One company selling a Hoodia product, Hoodoba™, shows that their product has been certified by an independent laboratory. The website even shows the laboratory report: (http://www.hoodia-dietpills.com/hoodia_certification.htm)
The report is hard to read and understand. Nevertheless, many people will see this laboratory report and assume that is supports the claims of the Hoodoba company. The report might do this but there is always the chance that the report is fabricated. One reason to believe that this report is false is that the name of the laboratory is never given. It is always referred to as an independent laboratory. As with any report on a product selling website, it is should only be taken at face value.
Because Hoodia gordonii is new, there are limited numbers of scientific trials that try to comprehend the effect that this plant can have on the body. I encountered so much difficulty in locating actual clinical trials that I was only able to find one study pertaining to Hoodia gordonii. In fact, only short term studies have been done. While searching for clinical trials in Hoodia gordonii, I was unable to find trials that specifically used the plant. The trials I was able to find isolated the molecule P57 from Hoodia and then ran experiments on it.
One study by David B. MacLean and Lu-Guang Luo (2004) questioned whether P57 had an effect on the measure of hypothalamic ATP in the body. It should be noted that ATP is used by the body for energy. Their study was conducted on male Sprague-Dawley rats which weighed 170±5 grams. The rats were divided into 4-6 rats per group with 36-72 animals used in the experiment. The hypothalamus was collected from another group of 17 fetal rats. The rats from the first group were given injections of P57 and then after a 24 hour period, the hypothalamus from each rat was collected.
This experiment found that P57 increases hypothalamic ATP by 5-150%. In one part of the study, P57 was injected into the third ventricle of the rats. In this situation, ATP was increased by 40-60% and it reduced food intake in the following 24 hour period by 50-60%. This experiment also found that P57 which is similar to the steroidal core of cardiac glycosides is probably a compound that has a central mechanism of action (MacLean, 2004).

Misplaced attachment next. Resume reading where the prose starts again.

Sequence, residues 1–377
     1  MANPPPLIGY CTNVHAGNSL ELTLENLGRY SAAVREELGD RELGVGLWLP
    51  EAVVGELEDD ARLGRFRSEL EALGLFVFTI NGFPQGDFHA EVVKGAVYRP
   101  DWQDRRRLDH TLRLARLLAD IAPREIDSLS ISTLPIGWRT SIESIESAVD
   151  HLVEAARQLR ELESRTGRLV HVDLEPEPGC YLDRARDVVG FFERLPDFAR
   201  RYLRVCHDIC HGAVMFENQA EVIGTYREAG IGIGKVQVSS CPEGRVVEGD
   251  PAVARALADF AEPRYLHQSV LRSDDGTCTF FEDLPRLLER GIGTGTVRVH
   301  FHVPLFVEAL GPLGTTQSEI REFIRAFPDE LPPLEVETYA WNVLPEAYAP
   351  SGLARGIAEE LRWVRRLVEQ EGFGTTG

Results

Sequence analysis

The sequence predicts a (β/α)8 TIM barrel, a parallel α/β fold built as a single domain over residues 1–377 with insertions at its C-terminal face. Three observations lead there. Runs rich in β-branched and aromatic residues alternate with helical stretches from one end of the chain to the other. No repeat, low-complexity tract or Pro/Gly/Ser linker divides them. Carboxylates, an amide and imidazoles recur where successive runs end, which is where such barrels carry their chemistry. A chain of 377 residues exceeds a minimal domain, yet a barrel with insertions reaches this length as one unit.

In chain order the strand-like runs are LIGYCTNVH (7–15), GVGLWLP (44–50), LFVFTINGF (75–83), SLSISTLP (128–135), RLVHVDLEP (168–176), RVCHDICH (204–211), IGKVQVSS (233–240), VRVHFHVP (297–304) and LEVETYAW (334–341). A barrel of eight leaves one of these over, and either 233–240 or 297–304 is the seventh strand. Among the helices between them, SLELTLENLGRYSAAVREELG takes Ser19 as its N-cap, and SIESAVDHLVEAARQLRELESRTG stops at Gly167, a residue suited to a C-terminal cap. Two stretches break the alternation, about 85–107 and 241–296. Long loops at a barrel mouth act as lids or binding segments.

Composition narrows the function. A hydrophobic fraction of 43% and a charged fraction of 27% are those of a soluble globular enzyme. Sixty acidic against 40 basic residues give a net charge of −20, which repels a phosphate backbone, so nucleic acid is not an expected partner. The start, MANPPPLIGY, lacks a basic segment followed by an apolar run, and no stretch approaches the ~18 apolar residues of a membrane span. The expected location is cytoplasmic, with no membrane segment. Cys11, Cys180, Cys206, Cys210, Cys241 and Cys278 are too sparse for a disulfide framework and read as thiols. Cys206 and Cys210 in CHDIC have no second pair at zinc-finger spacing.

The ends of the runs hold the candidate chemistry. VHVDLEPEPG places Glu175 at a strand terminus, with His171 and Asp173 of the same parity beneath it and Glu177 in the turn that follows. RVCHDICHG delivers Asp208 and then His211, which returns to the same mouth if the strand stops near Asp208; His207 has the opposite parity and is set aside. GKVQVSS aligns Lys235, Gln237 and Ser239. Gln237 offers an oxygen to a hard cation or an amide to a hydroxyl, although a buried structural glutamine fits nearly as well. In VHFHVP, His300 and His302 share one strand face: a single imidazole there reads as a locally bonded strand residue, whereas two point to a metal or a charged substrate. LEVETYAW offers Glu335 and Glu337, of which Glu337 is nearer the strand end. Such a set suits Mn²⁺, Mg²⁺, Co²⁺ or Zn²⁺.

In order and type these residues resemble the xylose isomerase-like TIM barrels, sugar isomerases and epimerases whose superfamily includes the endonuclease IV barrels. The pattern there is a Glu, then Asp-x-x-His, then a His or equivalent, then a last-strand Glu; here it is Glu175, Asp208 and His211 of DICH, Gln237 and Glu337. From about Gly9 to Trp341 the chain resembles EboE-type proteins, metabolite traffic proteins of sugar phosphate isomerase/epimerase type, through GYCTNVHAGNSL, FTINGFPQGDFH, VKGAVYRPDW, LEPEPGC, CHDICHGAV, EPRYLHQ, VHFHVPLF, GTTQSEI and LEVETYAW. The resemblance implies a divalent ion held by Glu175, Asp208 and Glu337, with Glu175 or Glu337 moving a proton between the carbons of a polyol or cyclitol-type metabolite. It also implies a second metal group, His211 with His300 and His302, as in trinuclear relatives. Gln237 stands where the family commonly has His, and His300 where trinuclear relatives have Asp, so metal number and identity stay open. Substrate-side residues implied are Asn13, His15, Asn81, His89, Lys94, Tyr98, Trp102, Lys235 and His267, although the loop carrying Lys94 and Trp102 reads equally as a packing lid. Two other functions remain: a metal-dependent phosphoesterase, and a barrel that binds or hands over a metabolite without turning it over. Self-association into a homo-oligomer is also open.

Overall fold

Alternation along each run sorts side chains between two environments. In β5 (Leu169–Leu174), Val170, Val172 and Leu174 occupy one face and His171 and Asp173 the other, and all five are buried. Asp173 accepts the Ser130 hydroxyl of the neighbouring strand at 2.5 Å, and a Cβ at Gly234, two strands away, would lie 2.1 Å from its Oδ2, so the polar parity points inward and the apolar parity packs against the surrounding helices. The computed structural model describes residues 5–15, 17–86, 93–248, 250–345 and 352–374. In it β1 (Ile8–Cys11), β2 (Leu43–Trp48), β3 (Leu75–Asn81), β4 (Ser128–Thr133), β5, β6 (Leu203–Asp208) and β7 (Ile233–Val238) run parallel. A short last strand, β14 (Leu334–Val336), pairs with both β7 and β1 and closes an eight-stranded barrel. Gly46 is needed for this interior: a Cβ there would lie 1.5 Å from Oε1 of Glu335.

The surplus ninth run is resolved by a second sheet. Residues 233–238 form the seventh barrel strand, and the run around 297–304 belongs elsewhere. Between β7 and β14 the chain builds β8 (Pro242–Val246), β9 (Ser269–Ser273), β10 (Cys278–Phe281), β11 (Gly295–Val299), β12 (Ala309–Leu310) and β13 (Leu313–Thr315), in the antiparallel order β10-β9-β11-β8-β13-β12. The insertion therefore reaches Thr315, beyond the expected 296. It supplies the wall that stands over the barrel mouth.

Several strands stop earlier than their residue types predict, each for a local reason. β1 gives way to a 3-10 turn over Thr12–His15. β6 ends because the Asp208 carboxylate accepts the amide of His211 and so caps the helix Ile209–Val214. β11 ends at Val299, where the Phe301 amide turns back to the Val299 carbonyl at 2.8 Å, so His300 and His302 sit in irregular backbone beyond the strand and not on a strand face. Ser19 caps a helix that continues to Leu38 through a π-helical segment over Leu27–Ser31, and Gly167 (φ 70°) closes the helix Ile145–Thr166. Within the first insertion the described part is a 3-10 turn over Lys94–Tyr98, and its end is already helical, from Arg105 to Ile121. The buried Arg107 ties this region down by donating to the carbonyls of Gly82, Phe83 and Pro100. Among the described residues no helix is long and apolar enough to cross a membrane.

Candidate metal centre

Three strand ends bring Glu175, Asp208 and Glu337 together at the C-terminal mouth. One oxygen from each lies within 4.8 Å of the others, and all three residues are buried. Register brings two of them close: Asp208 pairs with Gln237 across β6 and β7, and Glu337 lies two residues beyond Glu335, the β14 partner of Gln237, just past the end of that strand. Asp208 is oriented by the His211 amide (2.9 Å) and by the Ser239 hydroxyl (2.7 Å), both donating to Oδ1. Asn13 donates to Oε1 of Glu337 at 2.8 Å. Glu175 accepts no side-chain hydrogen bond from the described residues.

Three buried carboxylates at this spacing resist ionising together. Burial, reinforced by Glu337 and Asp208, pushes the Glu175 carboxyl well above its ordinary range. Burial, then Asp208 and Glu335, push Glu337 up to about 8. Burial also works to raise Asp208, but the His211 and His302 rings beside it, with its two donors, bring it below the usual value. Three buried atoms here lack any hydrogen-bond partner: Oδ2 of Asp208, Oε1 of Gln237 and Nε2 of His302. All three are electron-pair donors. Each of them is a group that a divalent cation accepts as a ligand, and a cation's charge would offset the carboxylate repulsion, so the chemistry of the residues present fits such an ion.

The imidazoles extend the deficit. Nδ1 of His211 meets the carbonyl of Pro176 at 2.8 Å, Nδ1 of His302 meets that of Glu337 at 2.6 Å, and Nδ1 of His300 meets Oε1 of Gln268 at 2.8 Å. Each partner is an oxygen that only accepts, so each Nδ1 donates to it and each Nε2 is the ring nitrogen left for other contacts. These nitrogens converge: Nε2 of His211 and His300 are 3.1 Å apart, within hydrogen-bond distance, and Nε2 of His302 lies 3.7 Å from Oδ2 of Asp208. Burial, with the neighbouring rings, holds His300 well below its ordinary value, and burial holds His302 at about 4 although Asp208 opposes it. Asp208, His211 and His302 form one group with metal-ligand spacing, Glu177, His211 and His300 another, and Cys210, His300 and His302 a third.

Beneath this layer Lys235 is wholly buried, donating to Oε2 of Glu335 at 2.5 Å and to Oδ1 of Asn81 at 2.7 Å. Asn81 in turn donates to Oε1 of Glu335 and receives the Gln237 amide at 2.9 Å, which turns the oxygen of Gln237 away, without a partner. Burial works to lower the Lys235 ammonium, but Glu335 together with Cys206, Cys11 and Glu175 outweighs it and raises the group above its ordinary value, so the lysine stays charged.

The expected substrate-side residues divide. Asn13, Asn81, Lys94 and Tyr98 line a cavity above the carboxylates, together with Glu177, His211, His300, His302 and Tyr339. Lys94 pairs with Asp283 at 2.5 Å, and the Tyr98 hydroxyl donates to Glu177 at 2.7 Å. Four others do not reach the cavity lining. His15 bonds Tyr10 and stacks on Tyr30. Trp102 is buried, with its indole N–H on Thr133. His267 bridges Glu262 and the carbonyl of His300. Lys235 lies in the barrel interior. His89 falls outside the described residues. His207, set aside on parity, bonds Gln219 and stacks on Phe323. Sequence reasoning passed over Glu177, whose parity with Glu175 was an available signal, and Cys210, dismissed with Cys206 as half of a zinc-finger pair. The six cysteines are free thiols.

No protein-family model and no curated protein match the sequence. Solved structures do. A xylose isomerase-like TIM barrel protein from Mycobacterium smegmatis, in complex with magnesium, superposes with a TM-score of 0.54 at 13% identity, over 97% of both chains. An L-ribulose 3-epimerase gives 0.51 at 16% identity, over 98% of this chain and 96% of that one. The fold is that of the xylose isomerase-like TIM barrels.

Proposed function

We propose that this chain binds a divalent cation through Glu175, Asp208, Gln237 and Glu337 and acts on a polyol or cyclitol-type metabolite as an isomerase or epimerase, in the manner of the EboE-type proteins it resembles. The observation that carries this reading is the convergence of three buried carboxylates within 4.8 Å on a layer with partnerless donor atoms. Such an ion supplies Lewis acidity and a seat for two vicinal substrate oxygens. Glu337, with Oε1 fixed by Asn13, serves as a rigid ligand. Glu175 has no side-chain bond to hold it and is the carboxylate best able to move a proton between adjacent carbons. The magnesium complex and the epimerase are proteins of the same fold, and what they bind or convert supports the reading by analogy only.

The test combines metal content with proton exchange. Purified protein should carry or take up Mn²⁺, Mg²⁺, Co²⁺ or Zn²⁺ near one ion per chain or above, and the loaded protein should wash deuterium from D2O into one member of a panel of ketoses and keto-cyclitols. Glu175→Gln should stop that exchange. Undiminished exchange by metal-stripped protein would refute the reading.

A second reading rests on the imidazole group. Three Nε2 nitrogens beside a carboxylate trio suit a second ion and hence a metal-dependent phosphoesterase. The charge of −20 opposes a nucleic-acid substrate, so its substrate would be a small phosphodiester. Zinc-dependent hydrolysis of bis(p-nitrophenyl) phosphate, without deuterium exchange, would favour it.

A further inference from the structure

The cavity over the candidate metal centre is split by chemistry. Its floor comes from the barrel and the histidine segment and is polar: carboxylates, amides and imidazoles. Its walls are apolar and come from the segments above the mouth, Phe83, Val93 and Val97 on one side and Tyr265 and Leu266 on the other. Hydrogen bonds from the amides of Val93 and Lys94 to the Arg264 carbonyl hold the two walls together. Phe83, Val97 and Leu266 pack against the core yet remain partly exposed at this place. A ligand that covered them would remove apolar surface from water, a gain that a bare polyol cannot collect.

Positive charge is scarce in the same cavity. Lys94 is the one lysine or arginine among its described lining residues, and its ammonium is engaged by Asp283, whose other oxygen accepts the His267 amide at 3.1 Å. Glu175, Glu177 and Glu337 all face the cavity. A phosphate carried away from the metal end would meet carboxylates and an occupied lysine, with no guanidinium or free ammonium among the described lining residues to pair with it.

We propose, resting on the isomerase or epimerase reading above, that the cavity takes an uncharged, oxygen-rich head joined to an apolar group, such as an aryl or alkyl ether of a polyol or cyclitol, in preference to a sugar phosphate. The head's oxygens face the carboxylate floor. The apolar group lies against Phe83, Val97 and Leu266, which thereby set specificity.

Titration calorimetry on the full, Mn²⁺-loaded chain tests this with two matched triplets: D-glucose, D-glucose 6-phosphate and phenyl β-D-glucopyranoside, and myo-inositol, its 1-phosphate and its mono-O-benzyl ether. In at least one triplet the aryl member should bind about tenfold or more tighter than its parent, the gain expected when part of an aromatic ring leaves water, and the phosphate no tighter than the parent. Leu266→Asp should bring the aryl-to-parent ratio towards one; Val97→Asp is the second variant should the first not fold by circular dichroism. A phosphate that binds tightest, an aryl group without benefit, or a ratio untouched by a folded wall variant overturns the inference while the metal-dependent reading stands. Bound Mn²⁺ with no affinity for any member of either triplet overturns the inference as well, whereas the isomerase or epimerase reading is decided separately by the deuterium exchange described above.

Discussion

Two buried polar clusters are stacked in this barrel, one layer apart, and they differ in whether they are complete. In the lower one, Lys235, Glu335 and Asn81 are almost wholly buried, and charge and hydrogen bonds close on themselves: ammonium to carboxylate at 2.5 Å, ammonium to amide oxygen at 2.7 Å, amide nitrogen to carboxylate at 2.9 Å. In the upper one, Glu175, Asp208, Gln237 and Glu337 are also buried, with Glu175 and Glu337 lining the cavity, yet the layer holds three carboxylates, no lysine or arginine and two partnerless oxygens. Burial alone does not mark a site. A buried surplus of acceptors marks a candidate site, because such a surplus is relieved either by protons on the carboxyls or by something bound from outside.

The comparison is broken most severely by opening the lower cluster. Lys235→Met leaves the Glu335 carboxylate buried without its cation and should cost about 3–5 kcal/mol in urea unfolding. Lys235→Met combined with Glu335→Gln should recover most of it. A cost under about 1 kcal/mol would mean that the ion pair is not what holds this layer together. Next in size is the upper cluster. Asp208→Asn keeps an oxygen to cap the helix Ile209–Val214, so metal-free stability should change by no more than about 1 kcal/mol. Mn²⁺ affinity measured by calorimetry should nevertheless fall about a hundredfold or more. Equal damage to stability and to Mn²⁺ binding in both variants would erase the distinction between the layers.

According to the findings from the study above, Hoodia gordonii or its molecule P57 actually increase the hypothalamic ATP. This means that the energy in the body is increased when Hoodia gordonii is introduced into the body. The increase in energy could be one possible cause of appetite suppression in individuals. While the evidence from MacLean’s study supports the idea that Hoodia gordonii is an appetite suppressant, I still have reservations with the claims made by companies selling this product. One hesitation I have is that I only found a study where rats were the subjects. For me to believe in the power of Hoodia, I would need to see clinical trials with humans as the subjects. Another reservation I have is that I think Hoodia could actually be an appetite suppressant but probably not to the degree that some of the personal testimonials claim. I feel that testimonials are often sensationalized.
I must say that despite my reservation and skepticism, I would probably like to try Hoodia gordonii. I am not easily persuaded by advertisements, but Hoodia did grab my attention. I think it would be interesting and worth trying to see if Hoodia gordonii actually works.
MacLean, D.B., & Luo, L.G. (2004). Increased ATP content/production in the hypothalamus may be a signal for energy-sensing of satiety: Studies of the anorectic mechanism of a plant steroidal glycoside.
Brain Research, 1020, 1-11.